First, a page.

Conference Paper

The Andes Physics Tutoring System: Five Years of Evaluations.

Conference: Artificial Intelligence in Education - Supporting Learning through Intelligent and Socially Informed Technology, Proceedings of the 12th International Conference on Artificial Intelligence in Education, AIED 2005, July 18-22, 2005, Amsterdam, The Netherlands
Source: DBLP

ABSTRACT Andes is a mature intelligent tutoring system that has helped hundreds of students improve their learning of university physics. It replaces pencil and paper problem solving homework. Students continue to attend the same lectures, labs and recitations. Five years of experimentation at the United States Naval Academy indicates that it significantly improves student learning. This report describes the evaluations and what was learned from them.

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Available from: Joel A. Shapiro, Jul 10, 2015
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    • "Developing such skills requires investment of time and lots of practice. Although Intelligent tutoring systems (ITSs) have proven to be effective in engaging learners and providing personalized learning process through the use of a student model [3] [4] [5] [6] [7] [8], there are a number of missing elements that seem necessary to stimulate desired learning outcomes, such as narrative context, rules, goals, rewards, and multisensory cues [1]. Serious games evolved as a field that combines education with game aspects which allows learning to be more motivating and appealing [9]. "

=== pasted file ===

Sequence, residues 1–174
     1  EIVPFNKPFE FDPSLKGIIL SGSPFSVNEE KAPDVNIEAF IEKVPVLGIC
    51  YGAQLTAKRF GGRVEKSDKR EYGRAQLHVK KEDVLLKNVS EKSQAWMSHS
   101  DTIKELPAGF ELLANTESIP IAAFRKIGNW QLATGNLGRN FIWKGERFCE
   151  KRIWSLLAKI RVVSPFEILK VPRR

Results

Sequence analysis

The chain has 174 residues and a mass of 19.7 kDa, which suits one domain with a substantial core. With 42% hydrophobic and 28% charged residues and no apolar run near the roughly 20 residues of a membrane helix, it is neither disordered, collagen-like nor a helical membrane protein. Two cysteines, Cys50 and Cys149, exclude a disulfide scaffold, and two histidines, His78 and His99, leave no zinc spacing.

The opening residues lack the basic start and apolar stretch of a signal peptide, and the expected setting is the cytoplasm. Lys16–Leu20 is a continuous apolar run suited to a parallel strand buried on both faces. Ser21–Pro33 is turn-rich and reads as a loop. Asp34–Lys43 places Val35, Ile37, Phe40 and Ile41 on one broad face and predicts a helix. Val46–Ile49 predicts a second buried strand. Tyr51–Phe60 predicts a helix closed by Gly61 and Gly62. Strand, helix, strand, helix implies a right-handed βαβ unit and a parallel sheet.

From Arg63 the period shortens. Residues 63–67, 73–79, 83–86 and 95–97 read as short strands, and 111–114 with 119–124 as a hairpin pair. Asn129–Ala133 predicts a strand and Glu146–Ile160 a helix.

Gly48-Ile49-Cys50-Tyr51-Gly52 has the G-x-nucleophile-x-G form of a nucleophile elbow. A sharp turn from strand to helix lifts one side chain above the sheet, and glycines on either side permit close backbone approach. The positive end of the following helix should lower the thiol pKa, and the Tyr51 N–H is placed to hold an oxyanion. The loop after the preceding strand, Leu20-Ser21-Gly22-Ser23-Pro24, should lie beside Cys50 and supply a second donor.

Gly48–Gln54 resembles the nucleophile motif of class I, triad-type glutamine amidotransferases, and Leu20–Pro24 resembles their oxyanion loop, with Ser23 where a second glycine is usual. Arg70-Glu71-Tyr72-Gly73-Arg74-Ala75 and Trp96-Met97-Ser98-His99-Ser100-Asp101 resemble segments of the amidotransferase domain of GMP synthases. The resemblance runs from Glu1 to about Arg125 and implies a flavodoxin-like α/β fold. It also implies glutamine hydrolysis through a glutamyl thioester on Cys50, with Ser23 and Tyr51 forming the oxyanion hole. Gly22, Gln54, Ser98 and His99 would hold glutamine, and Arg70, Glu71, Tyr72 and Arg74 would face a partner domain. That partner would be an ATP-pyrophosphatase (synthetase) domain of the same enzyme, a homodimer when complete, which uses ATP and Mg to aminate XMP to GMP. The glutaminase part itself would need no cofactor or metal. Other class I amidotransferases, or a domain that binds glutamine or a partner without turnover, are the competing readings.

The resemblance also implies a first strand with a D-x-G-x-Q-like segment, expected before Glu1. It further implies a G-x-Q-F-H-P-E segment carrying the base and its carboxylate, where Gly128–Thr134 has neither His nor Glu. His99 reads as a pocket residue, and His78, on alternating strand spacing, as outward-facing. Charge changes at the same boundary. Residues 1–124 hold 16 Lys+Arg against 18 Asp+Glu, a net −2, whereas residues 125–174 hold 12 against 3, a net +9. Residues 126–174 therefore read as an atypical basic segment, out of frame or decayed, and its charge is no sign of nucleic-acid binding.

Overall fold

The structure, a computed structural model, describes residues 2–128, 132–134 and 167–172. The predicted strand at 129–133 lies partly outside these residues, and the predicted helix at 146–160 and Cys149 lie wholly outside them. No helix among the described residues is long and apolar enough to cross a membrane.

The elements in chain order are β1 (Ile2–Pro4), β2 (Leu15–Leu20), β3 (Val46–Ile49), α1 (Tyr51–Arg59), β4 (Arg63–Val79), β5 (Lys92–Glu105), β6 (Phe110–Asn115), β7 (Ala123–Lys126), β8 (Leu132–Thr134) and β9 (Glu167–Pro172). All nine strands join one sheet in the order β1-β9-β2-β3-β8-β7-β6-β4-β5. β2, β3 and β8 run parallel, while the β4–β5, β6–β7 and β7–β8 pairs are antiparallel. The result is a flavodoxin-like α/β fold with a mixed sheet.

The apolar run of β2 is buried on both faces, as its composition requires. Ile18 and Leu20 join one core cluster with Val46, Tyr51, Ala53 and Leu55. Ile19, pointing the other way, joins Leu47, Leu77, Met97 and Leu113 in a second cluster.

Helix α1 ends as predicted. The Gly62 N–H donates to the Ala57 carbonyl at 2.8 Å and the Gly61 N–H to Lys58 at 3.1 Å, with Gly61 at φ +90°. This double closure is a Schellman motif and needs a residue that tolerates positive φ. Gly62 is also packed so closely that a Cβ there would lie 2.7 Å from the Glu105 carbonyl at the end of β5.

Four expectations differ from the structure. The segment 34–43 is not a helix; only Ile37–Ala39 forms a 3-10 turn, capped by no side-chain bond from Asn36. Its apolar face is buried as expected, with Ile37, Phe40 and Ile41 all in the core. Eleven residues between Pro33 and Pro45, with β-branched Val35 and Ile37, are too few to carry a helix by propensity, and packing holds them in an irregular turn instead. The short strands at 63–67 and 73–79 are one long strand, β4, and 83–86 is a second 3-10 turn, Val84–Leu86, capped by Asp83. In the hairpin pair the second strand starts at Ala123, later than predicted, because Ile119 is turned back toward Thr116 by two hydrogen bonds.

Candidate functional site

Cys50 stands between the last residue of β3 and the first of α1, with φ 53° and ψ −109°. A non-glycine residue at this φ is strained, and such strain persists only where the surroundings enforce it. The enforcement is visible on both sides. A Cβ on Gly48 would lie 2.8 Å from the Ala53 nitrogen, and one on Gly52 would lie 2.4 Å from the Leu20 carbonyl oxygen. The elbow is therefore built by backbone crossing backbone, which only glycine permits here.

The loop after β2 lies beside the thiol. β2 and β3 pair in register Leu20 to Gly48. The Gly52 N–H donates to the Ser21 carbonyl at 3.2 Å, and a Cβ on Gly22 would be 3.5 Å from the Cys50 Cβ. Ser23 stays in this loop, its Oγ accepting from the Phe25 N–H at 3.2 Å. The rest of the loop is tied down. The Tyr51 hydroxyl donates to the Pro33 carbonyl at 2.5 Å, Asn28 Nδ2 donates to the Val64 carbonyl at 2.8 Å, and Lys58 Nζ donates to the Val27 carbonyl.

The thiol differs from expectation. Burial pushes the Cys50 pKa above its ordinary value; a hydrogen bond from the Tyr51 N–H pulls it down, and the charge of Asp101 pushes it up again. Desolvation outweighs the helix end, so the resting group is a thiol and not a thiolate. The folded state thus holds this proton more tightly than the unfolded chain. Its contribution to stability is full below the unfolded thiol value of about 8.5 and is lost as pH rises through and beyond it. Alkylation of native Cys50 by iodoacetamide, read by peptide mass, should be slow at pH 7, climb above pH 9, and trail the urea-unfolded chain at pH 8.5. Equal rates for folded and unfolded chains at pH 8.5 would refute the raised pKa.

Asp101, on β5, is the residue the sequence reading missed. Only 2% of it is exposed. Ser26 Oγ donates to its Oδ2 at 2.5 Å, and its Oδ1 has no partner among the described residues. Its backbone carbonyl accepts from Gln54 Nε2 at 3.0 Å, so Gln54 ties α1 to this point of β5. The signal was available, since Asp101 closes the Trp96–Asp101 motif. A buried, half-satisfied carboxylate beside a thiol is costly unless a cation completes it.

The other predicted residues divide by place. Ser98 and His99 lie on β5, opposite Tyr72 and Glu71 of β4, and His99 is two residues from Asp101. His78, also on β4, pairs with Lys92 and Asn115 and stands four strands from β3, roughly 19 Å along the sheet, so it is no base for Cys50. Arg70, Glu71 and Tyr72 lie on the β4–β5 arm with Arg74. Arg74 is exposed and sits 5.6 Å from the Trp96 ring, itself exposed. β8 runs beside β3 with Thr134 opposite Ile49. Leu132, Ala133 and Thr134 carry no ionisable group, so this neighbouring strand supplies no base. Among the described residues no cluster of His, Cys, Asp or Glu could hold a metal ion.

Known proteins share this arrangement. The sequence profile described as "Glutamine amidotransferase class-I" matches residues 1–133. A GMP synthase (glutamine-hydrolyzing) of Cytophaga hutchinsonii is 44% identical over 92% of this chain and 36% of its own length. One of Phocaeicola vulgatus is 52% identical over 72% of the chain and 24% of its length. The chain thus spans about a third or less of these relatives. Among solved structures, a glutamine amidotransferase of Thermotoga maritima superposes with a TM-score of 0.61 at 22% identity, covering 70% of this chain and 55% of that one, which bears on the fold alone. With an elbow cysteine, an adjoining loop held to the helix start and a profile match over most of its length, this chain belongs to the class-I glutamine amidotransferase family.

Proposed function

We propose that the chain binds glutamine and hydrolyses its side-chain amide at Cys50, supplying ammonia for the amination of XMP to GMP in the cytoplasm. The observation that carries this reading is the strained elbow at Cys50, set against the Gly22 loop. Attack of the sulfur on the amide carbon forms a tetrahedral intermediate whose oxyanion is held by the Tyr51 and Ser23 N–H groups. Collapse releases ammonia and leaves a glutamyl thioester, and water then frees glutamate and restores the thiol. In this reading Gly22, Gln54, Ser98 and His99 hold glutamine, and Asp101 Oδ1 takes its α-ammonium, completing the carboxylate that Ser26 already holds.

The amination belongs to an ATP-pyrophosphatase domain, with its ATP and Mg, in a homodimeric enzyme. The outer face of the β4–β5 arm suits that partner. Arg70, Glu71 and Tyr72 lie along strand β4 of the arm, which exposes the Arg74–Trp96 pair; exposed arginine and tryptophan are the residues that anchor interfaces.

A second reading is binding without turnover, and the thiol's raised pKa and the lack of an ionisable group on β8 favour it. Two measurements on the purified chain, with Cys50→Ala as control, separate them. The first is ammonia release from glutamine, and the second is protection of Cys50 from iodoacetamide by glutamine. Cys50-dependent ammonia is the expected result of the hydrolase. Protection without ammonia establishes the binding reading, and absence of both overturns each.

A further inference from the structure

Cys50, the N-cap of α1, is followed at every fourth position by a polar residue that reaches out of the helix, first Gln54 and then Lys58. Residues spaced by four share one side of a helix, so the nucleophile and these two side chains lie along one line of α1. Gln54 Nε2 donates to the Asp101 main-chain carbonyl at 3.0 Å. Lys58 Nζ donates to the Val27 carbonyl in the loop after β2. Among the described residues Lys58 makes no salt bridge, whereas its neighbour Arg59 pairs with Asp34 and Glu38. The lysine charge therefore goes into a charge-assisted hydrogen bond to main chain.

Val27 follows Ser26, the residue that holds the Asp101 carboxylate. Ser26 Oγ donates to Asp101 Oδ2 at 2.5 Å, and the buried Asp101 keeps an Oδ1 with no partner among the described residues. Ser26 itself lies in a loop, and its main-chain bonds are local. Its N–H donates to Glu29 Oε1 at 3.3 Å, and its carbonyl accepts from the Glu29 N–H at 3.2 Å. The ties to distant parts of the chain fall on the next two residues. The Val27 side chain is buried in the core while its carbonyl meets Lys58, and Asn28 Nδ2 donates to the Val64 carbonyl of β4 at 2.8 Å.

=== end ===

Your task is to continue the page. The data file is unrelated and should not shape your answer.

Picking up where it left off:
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    • "Intelligent tutoring systems (ITSs) are interactive educational systems that are built by combining from artificial intelligence techniques, and concepts from the learning sciences. These systems proved to be beneficial for learning in several domains, from programming languages [4] and middle school math [5], to physics [6] and military applications [7]. Unfortunately, because of interoperability issues, ITSs cannot be loaded into most educational platforms that are currently available and that require dedicated nonstandard frameworks. "
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    • "Adding self-explanation prompts to a Cognitive Tutor has been shown to increase the learners' understanding of how domain principles apply in problem solving (Aleven and Koedinger 2002; Roy and Chi 2005; cf. Van Lehn et al. 2005). While there is an extensive body of research on worked examples, their use within a tutored problem-solving environment (e.g., a Cognitive Tutor) has not been tested until very recently (McLaren et al. 2007; Schwonke et al. 2007). "
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